MOVE is strong-willed, clear-visioned, one-minded, true in dedication.  MOVE don’t stagger, waver or stumble or fall short.  With the MOVE Organization, a step forward is a step gained, and a step lost for the System, because the MOVE Organization will not take a step back.  Our aim is revolution, our trust is Mama, our drive is consistency, our target is System, and we will not be stopped, for we have the courage of fight, the understanding of true law, and the power of God in both fists.

She went on: “Long Live John Africa!  Like we’ve heard all throughout today, Phil touched a lot of lives.  I have some letters and readings that the inmates at Dallas with Del and Phil wrote.”  She then read a few of those letters, including one from activists at the Bruderhof, one from a MOVE support group in France, words of support from friends with Save the Children in Minneapolis, Minnesota and some remarks from Baba Omar Sadiki, a supporter living in Morocco. 

She finally shared some remarks from fellow MOVE Nine Political Prisoner Eddie Africa:

Eddie Africa

Eddie Africa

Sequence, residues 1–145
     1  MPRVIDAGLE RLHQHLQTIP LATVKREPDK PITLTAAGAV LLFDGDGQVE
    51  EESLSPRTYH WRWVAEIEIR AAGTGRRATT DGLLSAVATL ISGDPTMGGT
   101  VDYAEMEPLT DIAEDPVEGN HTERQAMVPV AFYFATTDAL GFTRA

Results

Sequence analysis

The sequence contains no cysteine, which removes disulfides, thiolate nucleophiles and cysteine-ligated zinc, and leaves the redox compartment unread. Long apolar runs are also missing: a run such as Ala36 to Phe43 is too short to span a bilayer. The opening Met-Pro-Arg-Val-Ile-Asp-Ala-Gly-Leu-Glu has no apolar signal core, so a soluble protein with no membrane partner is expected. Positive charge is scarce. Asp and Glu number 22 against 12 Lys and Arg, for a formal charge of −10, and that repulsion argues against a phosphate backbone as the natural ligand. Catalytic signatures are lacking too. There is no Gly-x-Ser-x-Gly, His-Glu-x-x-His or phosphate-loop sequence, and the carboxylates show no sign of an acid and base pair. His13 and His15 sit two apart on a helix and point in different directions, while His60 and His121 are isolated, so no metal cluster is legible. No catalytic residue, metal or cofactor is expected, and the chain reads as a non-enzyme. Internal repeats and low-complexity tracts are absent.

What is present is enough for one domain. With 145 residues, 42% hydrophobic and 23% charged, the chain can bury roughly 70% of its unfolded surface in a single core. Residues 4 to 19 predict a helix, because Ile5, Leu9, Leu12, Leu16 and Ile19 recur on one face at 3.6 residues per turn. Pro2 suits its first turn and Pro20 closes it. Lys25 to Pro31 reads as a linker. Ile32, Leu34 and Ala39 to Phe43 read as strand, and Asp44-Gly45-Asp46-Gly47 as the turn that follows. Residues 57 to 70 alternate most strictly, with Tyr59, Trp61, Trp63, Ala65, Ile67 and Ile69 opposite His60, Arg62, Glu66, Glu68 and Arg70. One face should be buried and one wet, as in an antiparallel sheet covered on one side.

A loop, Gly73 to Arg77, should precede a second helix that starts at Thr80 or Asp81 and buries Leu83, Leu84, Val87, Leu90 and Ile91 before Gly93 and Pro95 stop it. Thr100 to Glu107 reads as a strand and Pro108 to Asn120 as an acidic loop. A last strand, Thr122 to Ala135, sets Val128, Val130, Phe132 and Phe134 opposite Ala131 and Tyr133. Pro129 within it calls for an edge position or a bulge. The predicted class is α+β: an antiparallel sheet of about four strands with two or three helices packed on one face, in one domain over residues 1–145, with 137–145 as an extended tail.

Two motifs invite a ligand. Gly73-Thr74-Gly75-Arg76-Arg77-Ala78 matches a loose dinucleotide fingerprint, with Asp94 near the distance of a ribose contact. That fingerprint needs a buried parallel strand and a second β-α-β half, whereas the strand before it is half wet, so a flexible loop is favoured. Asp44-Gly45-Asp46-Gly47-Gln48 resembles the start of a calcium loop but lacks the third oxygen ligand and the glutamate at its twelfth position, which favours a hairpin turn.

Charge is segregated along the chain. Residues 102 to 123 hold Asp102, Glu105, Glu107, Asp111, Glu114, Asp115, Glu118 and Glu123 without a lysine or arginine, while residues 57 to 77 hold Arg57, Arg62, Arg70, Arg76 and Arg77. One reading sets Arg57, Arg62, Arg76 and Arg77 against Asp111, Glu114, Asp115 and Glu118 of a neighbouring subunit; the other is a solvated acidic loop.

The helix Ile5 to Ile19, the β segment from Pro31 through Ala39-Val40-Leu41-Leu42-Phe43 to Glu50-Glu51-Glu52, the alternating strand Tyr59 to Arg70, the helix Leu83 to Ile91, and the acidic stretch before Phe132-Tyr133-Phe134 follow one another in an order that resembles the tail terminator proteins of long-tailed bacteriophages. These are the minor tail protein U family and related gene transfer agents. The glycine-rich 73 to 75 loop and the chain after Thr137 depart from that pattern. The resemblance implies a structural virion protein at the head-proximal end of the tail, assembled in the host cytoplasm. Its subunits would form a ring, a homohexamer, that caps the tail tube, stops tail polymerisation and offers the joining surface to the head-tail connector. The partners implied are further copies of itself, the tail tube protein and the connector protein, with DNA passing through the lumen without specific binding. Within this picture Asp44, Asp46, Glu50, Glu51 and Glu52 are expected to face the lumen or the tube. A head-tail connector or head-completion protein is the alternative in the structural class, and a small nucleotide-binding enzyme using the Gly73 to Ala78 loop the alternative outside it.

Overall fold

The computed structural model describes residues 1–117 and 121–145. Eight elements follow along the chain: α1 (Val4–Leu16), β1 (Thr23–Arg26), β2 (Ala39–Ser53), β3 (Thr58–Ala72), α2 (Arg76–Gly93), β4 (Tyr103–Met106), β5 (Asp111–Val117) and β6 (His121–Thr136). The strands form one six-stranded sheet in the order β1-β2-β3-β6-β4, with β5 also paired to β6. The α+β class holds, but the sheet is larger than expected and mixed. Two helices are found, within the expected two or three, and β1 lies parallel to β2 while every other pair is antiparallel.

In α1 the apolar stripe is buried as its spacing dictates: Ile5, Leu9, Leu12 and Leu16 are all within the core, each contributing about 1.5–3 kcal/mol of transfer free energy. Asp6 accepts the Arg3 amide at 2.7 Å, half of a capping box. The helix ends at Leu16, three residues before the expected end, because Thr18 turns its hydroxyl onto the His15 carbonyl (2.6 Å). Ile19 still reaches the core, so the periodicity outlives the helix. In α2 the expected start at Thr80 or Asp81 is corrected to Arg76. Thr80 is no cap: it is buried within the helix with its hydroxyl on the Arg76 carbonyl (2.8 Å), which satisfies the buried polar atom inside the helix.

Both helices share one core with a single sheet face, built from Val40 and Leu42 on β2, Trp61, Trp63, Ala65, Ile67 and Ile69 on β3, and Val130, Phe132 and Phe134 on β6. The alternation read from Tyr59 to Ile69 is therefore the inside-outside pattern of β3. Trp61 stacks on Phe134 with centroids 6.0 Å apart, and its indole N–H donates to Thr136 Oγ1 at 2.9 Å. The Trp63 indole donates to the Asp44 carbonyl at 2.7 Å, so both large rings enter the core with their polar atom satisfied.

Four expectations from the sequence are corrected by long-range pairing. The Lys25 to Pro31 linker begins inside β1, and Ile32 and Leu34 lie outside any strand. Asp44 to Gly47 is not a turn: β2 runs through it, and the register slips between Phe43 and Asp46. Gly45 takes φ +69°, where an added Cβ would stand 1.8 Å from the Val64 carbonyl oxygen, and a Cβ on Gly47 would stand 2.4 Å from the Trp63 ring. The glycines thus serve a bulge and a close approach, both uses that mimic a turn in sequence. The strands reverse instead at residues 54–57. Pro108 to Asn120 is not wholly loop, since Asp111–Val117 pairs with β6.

Ona MOVE!  My brother Phil is a good man.  A father, a husband, a brother, a good soldier.  I sit here thinking of him and I’m smiling.  I can hear his voice, see his laugh, and it touches me in a good way.  The memories of our brother are countless and I think of them a lot. … At times I would call on his strength.  I would lean on him to get past a particular problem.  He would give me MOVE Law to make me strong.  And his smile showed his love.  We spent a lot of time together and I will hold that time together close to me. … He is not perfect, but he strives for it, as we all did.  His friends are many, prisoners and staff.  They gravitated to Phil.  Some of them not understanding why, as the stories told about us were supposed to turn folks against us.  But the lies that are told don’t match Phil and MOVE’s behavior, how we really are in person. … Phil was taught to revere family.  Life, wherever, whoever it was, without prejudicial characterizations.  Phil’s example is a good one, and instead of feeling down about him, I will use his life to strengthen mine.